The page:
Become a Member

Get access to more than 30 brands, premium video, exclusive content, events, mapping, and more.

Already have an account? Sign In

Become a Member

Get access to more than 30 brands, premium video, exclusive content, events, mapping, and more.

Already have an account? Sign In

Brands

A Climber We Lost: Brian Carey

Each January we post a farewell tribute to those members of our community lost in the year just past. Some of the people you may have heard of, some not. All are part of our community and contributed to climbing.


You can read the full tribute to Climbers We Lost in 2022 here.

Brian Carey, 83, September 6

Brian Carey was a climber, adventurer, artist, and architect. He was a key figure in Shawangunks climbing in the 1960s; a part of the legendary Vulgarians who were forging a new approach to rock climbing. Carey’s adventures took him around the world, having traveled four times to the Arctic and once to the Himalaya. He was also passionate about his career in landscape and architectural design, working in some capacity until his final days. He died on September 6, 2022, at the age of 83.

Carey resting during a long day in the Arctic.

Although Carey wasn’t physically able to climb for the last 20 years of his life, he remained a climber at heart, and felt a deep connection to wild and inspiring landscapes. Carey designed and built a home for himself and his longtime partner, Valerie Tomaselli, in the Shawangunks. Raised on steel peers in a grid-stone quarry, surrounded by the quartzite conglomerate that drew Carey and other climbers to the Shawangunks, it serves as a symbol of his love of the region.

So we have been ‘laughing all the way to the sarcophagus… Reveling in the fuck up aspects of our adventures. Downplaying or overlooking entirely what would normally be deemed the success part.

“His life in landscape architecture and design was connected to his love of climbing,” Tomaselli said. “A lot of his excitement about landscape is reflected in his passion about climbing and going to these places that profoundly moved him.” This inspiration can be found at Grounds For Sculpture in Hamilton Township, New Jersey, the masterwork of his career, for which he designed all the landscapes as well as the buildings. 

Tomaselli continued: “Brian was at least just as interested—likely more so—in the landscape of exploration as he was in the physical challenge,” Tomaselli said. “It defined him—his appetites, interests, his professional work, how he looked at the world.”

In the 1960s, a cohort of rabble-rousing, rule-breaking, anti-authoritarian climbers who dubbed themselves the Vulgarians emerged onto the Shawangunks scene. Preceding the Vulgarians were the Appalachian Mountain Club members (Appies), who had strict rules regarding who was qualified to lead or follow certain pitches based on difficulty and the climber’s supposed ability. The Vulgarians stood in direct defiance of the Appies, believing that climbing was a form of freedom that needn’t be restricted or controlled by some governing body. 

“He lived the Vulgarian ethos,” Tomaselli said about Carey. “They did what they wanted. He was like that until the end. Rules didn’t really mean anything to him.”

The Vulgarians took the hard skills they developed in the Shawangunks to larger, more foreboding arenas across the country and around the world. Carey and fellow Vulgarians Claude Suhl and Dick Williams made an ascent of Lost Arrow Spire in Yosemite; he climbed the East Buttress of El Capitan with Layton Kor.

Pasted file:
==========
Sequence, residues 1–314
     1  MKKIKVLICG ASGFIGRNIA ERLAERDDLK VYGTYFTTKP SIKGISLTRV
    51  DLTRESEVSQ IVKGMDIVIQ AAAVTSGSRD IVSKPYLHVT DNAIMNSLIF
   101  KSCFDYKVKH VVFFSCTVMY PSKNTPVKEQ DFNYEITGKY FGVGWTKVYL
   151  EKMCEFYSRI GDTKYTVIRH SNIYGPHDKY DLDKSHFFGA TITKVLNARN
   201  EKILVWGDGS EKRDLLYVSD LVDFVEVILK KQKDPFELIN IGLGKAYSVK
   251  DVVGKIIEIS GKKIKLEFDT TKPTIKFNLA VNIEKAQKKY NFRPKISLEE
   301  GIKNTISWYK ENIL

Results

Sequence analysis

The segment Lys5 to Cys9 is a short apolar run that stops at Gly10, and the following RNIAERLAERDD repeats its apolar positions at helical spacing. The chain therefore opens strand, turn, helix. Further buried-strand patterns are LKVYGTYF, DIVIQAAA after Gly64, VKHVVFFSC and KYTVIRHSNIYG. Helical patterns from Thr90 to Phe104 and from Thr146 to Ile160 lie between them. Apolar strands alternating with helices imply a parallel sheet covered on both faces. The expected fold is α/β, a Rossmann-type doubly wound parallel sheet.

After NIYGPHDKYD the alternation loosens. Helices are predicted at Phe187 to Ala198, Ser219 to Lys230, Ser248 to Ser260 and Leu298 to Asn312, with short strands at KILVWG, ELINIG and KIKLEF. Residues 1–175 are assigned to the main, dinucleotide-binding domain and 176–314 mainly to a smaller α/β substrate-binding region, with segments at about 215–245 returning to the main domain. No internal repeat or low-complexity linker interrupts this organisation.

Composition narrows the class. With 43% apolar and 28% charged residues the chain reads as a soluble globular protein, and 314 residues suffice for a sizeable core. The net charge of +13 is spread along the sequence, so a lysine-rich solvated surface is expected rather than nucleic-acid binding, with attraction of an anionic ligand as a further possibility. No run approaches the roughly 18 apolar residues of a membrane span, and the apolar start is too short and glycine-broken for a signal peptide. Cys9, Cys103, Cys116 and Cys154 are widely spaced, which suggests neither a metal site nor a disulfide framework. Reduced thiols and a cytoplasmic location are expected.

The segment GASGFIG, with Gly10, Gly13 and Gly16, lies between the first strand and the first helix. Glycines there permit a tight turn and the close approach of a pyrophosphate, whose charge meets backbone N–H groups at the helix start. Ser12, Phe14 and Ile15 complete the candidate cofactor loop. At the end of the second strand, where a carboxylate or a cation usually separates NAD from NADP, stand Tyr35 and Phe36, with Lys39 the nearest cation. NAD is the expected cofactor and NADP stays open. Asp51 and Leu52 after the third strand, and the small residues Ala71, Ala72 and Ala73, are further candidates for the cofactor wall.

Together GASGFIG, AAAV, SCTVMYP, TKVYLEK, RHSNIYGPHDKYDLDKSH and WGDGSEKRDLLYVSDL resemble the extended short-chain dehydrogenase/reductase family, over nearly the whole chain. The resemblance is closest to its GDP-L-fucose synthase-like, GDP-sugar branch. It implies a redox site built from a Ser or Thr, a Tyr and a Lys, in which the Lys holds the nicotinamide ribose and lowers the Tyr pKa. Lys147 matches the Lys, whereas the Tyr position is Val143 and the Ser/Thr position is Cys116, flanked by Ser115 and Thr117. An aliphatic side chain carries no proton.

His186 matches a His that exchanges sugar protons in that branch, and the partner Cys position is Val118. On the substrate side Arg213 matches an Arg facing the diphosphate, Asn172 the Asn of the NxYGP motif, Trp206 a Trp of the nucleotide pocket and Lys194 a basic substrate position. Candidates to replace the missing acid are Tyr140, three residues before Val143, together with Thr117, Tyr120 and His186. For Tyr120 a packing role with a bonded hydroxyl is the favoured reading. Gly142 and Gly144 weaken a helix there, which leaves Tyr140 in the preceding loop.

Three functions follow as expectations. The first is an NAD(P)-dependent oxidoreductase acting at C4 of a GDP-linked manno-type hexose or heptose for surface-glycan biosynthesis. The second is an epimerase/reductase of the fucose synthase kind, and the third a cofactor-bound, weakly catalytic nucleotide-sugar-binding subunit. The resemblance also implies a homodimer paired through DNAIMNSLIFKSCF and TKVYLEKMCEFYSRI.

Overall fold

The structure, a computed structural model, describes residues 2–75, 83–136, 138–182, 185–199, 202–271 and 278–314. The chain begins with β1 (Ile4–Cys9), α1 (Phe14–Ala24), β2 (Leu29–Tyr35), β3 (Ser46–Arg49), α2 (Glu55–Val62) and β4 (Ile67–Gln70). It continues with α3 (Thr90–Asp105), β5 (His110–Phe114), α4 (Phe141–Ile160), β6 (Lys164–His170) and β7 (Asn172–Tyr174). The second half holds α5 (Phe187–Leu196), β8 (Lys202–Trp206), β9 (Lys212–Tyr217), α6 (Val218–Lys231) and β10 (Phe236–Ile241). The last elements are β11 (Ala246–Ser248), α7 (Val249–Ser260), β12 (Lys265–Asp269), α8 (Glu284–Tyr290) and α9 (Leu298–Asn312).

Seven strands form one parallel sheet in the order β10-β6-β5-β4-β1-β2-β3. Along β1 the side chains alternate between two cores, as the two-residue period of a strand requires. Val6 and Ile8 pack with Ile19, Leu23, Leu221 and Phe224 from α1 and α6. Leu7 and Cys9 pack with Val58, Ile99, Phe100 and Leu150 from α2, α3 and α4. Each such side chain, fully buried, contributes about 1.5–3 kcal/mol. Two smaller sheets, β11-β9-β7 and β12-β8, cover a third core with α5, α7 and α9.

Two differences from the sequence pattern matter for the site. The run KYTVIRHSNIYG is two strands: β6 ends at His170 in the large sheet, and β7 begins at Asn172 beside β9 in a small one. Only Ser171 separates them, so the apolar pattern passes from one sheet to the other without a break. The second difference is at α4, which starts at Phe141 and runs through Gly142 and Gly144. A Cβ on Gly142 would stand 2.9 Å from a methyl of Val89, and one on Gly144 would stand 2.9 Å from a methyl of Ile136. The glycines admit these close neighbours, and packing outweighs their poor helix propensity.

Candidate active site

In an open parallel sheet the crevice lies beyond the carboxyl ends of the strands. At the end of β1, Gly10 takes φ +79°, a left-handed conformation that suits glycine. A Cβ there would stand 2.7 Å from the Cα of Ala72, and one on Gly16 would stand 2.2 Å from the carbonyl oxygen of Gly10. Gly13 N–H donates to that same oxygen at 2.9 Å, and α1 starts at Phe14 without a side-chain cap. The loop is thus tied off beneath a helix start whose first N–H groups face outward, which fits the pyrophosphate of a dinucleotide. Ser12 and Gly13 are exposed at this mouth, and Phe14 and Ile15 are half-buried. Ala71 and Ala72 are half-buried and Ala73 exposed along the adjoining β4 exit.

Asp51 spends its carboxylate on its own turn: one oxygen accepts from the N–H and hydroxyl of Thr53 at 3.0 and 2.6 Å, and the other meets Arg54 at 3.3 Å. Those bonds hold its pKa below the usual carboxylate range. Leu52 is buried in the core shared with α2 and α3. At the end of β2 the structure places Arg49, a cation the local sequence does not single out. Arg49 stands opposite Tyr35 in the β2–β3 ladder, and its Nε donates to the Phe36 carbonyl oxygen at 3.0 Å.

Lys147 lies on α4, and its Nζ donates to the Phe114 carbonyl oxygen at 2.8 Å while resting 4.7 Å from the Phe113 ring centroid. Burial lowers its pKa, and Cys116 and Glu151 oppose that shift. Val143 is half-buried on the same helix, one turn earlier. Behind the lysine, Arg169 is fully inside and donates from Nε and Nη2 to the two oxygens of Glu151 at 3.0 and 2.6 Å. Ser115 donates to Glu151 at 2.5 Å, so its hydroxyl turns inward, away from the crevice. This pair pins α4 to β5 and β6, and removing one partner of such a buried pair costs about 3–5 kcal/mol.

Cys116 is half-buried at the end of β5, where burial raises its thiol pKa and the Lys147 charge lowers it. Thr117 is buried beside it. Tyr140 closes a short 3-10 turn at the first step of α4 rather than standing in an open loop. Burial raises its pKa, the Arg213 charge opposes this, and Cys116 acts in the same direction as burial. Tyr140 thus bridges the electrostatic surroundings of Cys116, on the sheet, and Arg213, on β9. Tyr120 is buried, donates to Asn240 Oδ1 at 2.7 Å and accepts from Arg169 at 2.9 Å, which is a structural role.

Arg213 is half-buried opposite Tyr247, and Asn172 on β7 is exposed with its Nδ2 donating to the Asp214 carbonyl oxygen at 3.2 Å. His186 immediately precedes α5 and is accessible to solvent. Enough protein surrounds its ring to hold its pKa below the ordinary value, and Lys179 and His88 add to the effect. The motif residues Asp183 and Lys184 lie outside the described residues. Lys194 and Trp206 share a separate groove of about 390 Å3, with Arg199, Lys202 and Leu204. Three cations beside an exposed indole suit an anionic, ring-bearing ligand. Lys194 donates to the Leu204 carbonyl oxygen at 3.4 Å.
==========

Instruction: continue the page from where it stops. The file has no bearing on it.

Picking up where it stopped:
Carey at his beloved Grounds for Sculpture, in New Jersey.

In 1963 Carey headed into the Canadian Rockies with Suhl and Al DeMaria. The team of three first attempted the Kain Face on Mount Robson. Approaching the climb, Suhl fell into a crevasse. As Suhl tells it, it seems as though Carey casually sauntered up and offered him a rope and belay. “Until just a few months ago it never quite hit me this way: Brian had saved my life,” Suhl said. “But that’s part of the climbing partner bargain, ain’t it.”

Bad weather and scary climbing forced them to retreat off Robson. Later, attempting the first traverse of the Howsers, a tempest forced an epic upon the trio. “On the summit of the North Tower of Howser the weather started rancidifying alarmingly,” Suhl said. “We barely escaped with our lives, downclimbing rapidly and blindly in a white out towards the Vowell Glacier, finding a narrowing of the ‘schrund, then groveling safely towards the base of the West Face of Bugaboo, along the edge back up to the col, then down to our camp at the Meadows.”

Suhl reflects that some of the most treasured experiences with Carey have been the fiascos. As they’ve grown into old men, the stories they’ve told time and again rarely involve an uneventful summit, instead favoriing self-deprecating and bombastic tales of hard days and good humor.  

So we have been ‘laughing all the way to the sarcophagus,’” Suhl said. “Reveling in the fuck up aspects of our adventures. Downplaying or overlooking entirely what would normally be deemed the success part.”

Brian Carey lived a life punctuated by exploration and adventure. He went on climbing expeditions to Baffin Island, the Himalaya, and more; he embarked on month-long open-ocean research trips with his brother, Frank Carey, a well-known oceanographer; he was a visionary architect; an avid consumer of classical music; a varied and voracious reader; and a legendary storyteller. 

In the words of Tomaselli: “He didn’t waste time.”

Brian Carey
Brian Carey

You can read the full tribute to Climbers We Lost in 2022 here.

—Bennett Slavsky